by Thomas Manewitz, UMN Law Student, MJLST Managing Editor
In the past two years, two of the world’s mobile technology leviathans, Apple and Samsung, have engaged in multibillion dollar patent infringement litigation. Specifically, Apple has been seeking damages and fighting for injunctions on several of Samsung’s mobile products in markets across the globe. On August 24, 2012 in the United States, Apple won a 1.049 billion dollar damages award for Samsung’s “willful patent infringement.” In the same lawsuit, Samsung counter sued and won zero damages. In the wake of this trial, Apple is seeking an injunction for 20 Samsung products.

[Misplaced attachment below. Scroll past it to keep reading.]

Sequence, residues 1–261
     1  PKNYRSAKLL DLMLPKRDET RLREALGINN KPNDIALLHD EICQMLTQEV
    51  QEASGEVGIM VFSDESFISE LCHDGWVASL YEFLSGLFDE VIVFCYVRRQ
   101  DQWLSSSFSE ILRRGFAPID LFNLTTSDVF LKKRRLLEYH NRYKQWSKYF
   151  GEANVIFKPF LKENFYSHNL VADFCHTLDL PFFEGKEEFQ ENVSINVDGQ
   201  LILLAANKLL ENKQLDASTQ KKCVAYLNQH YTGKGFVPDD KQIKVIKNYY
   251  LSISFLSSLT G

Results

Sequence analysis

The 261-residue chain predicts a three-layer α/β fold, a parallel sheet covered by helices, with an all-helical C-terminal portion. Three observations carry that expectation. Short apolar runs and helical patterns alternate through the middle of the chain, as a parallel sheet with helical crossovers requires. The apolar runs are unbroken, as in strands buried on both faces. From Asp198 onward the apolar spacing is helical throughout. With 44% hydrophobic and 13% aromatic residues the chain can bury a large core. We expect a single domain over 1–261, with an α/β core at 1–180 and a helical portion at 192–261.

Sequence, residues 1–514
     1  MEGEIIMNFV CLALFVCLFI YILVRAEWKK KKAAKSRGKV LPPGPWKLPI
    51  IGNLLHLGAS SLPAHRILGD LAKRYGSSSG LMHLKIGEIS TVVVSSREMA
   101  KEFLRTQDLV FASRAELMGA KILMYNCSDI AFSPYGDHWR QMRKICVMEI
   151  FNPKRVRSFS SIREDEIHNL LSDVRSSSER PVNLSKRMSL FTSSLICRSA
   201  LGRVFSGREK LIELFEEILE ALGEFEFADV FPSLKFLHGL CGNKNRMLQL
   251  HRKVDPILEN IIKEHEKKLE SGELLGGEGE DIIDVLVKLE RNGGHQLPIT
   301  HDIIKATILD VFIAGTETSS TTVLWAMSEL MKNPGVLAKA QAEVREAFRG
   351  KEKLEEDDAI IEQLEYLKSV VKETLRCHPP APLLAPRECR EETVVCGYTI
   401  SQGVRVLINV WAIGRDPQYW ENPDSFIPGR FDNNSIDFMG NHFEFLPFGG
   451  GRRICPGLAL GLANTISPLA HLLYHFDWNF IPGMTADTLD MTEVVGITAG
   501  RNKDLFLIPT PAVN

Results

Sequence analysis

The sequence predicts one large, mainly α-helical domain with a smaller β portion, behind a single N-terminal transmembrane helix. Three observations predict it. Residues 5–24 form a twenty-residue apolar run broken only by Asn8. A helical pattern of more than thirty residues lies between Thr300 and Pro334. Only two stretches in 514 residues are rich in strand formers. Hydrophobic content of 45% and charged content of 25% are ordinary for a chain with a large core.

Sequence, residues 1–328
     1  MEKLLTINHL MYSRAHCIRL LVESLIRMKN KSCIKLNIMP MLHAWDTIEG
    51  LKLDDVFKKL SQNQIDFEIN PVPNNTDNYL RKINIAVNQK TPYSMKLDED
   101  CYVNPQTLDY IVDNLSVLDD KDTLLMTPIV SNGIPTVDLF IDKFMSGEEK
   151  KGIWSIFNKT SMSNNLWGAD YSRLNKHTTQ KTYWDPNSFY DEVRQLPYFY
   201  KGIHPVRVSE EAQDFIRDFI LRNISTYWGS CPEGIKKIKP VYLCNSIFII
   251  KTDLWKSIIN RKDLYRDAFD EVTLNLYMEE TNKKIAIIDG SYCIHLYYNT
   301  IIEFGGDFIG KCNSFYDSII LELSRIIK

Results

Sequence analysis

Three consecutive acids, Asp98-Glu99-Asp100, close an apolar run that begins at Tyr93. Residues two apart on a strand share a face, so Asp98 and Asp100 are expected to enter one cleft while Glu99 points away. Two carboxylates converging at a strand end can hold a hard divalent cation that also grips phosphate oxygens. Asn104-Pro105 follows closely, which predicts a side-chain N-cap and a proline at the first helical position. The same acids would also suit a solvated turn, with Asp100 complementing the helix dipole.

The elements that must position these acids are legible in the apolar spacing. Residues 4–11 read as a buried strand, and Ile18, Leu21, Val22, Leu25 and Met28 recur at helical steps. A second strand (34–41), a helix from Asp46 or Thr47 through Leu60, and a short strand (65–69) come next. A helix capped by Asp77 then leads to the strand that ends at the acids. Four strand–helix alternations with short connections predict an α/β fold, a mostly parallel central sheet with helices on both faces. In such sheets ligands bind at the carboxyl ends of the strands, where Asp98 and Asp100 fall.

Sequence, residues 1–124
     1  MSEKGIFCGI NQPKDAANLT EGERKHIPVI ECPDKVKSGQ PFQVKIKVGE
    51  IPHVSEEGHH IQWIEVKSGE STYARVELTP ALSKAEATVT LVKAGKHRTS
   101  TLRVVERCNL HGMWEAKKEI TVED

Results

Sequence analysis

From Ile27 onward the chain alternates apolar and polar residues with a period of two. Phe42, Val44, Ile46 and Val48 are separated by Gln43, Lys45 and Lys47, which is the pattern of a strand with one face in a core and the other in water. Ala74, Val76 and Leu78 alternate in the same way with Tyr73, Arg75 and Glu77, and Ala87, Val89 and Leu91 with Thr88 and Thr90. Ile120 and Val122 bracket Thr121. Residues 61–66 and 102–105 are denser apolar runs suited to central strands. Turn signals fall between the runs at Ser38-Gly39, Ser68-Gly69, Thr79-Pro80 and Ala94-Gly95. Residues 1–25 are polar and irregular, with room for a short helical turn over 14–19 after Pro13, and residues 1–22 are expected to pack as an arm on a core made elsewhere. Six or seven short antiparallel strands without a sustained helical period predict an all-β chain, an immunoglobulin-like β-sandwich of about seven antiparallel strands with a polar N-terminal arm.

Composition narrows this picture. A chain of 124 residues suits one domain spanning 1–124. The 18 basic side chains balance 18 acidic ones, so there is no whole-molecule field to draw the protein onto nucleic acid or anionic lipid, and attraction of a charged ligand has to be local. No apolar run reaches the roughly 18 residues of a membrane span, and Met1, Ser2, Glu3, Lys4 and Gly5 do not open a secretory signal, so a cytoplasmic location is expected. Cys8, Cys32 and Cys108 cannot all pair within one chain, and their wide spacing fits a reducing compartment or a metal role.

Samsung provides the market with a popular Apple alternative that does not come close to dominating the market share. In the context of the litigation, both Samsung and Apple were forced to release their U.S. sales numbers. Samsung, who is at risk of having its products blocked from the U.S. markets, sold 21 million smart phones and 1.4 million tablets, while Apple sold 86 million smart phones and 34 million tablets. New and different products are now at risk from being removed from consumer markets because of our patent litigation structure. I will not argue that this case alone will temper innovation; however, it does beg the question as to whether or not high profile patent litigation, and the patent system as it currently stands, optimizes the production societal good and innovation. Perhaps the United States patent system should be reorganized based on different principle. For a discussion of the reorganization of the patent system see the United States patent system see Liza Vertinsky’s article in the Minnesota Journal of Law, Science & Tehcnology, “An Organizational Approach to the Design of Patent Law.”